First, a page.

News Analysis: The More The Merrier

As More Media Shops Sign Competing Accounts, Few Clients Complain
The adage two’s company, three’s a crowd no longer seems to hold much weight in today’s media buying arena. Now the operative phrase is: the more, the merrier. Consider an exchange that occurred during a recent meeting between executives of The Media Edge, the media buying arm of Young & Rubicam, and representatives of Monsanto, its client. At one point, a member of the Monsanto team asked whether Y&R still handled media buying for Glaxo-Wellcome.
There was a pause before a member of The Media Edge side replied positively.
Rather than be dismayed–Glaxo is one of Monsanto’s biggest competitors–the revelation cheered the client representatives. “Oh, great!” said one enthusiastically. Glaxo’s presence on the account roster was regarded as a seal of approval.
Only a few years ago, however, such an exchange would have been unthinkable. Anheuser-Busch ended its 79-year-old relationship with D’Arcy Masius Benton & Bowels four years ago after the agency’s media arm, TeleVest, accepted a media buying assignment for Kraft General Foods. The reason? The deal included buys for A-B’s competitor, Miller Brewing.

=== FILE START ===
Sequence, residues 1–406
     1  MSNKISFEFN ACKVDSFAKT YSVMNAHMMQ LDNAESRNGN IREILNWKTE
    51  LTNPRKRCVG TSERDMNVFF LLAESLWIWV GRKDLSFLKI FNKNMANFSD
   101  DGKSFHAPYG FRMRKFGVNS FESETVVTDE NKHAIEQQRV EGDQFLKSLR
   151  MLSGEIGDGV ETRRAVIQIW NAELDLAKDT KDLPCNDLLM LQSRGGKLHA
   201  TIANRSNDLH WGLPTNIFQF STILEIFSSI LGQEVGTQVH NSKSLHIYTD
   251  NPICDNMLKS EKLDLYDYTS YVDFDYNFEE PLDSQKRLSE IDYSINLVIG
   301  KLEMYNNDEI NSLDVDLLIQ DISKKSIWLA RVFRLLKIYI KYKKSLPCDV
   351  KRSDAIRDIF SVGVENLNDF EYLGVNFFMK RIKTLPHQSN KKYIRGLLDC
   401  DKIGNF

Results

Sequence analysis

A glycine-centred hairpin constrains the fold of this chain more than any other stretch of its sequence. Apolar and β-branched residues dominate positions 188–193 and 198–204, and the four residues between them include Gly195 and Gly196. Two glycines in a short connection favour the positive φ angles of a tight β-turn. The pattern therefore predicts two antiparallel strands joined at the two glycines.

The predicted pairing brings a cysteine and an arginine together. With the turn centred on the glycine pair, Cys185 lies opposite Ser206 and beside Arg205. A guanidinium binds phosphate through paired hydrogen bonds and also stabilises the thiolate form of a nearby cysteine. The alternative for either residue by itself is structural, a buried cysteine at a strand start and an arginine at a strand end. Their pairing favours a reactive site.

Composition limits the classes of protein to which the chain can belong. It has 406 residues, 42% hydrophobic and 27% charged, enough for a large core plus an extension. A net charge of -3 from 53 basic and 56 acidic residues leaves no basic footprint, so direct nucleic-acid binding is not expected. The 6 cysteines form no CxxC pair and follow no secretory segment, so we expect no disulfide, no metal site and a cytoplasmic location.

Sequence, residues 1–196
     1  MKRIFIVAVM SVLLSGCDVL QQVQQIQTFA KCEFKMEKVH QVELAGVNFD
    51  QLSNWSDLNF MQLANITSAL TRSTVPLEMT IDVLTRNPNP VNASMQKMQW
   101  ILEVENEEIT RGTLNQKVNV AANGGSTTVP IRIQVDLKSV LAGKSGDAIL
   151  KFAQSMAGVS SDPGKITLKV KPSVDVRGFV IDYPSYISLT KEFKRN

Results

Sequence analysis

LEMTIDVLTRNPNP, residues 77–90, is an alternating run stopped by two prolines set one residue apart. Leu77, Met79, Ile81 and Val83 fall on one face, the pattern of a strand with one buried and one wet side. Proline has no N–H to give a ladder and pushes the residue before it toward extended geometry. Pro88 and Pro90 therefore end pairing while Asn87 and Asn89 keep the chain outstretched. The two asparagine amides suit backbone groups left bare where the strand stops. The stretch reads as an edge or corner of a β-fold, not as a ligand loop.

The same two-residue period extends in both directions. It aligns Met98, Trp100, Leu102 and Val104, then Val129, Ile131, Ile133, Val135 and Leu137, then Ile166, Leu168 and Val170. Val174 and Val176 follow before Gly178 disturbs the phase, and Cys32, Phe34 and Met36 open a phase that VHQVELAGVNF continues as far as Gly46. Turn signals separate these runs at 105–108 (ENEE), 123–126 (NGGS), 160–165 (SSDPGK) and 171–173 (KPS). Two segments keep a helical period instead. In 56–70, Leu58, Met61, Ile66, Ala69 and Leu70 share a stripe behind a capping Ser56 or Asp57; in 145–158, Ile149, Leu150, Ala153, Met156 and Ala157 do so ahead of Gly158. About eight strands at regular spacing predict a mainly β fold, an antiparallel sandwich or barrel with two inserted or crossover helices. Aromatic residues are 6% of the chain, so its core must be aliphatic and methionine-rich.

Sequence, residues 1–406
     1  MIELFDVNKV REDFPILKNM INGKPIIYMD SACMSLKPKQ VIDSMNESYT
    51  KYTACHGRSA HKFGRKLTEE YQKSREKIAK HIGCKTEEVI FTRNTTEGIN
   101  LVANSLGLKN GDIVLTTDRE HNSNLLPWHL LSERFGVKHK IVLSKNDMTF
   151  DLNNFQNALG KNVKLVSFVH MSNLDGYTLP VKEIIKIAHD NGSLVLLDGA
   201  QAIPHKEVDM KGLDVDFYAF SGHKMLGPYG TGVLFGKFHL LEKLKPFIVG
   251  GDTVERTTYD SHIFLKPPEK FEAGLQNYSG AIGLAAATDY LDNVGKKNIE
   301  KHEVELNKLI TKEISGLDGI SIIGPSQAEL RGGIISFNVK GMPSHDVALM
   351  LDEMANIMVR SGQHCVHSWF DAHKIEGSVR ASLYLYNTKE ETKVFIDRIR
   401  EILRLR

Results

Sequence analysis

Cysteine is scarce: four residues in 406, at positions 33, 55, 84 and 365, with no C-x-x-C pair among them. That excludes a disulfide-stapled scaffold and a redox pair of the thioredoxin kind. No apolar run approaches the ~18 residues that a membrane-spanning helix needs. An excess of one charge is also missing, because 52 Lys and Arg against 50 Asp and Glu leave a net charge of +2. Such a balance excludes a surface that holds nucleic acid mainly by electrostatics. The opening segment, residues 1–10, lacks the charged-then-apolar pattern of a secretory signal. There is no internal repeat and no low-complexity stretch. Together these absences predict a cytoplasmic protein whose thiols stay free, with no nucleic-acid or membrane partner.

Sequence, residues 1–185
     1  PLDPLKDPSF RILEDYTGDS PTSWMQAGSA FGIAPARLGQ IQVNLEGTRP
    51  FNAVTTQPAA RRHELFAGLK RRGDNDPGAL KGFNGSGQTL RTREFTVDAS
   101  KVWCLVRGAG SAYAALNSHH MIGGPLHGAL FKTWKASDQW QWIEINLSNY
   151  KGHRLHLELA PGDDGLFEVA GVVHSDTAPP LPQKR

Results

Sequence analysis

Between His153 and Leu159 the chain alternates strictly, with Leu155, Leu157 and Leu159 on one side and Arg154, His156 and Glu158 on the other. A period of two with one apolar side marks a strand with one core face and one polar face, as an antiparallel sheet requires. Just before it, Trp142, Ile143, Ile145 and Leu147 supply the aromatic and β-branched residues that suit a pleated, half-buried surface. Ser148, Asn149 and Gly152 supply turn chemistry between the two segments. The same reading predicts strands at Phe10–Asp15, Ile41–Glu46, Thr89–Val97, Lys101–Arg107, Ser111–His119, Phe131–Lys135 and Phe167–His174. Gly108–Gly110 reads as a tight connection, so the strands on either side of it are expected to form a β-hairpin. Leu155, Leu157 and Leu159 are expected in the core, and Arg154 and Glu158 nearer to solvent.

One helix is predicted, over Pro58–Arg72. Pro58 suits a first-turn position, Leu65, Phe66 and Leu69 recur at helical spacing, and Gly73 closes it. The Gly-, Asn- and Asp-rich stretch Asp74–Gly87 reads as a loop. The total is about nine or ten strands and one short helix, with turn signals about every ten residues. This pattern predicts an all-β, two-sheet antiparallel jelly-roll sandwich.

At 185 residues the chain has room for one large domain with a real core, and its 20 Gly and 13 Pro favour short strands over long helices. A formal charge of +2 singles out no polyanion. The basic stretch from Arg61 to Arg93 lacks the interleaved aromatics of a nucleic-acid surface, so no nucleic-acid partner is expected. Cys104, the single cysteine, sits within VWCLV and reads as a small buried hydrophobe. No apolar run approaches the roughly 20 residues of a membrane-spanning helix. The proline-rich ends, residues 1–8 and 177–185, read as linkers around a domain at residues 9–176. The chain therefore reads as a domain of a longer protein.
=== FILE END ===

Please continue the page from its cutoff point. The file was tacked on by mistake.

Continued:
Today, the frenzy of consolidation on all fronts–among ad agencies, their clients and media agencies–has made such conflicts of interest commonplace. And clients have had little choice but to grin and bear it. With the top 10 media players negotiating for about 75 percent of all U.S. billings, media has become a giant’s game and the handling of the resulting conflicts requires deft maneuvering. Because they benefit from the negotiating muscle of top media agencies–and partly because they have no choice but to work with the few proven buyers–clients are nodding yes to old no-nos (see chart).
During Ameritech Corp.’s $100 million media AOR review last year, for example, a letter was sent to potential media candidates by consultant Morgan, Anderson & Co., New York, stating that it would not be a problem if one of the pitching companies’ offices “works in the media area for another telecommunications company,” as long as no sharing of proprietary information occurred. Ameritech had no choice, really: telecom deregulation has gone so far that finding conflict-free media shops has become difficult. Ameritech eventually parked its account with Carat ICG in Chicago, ignoring the fact that Carat MBS in New York handles MCI’s local broadcast work.
Consultant Arthur Anderson, who conducted the Ameritech review, described the process as “laborious.” Not only was it apparent that many of the large traditional media companies were seriously conflicted, but the search itself required a careful inspection of what each of the candidates, many of which already had telecom clients, had to offer, office by office, market by market. What eventually clinched the deal for Carat was the fact that it has other offices which could step in if a situational conflict arose, he said.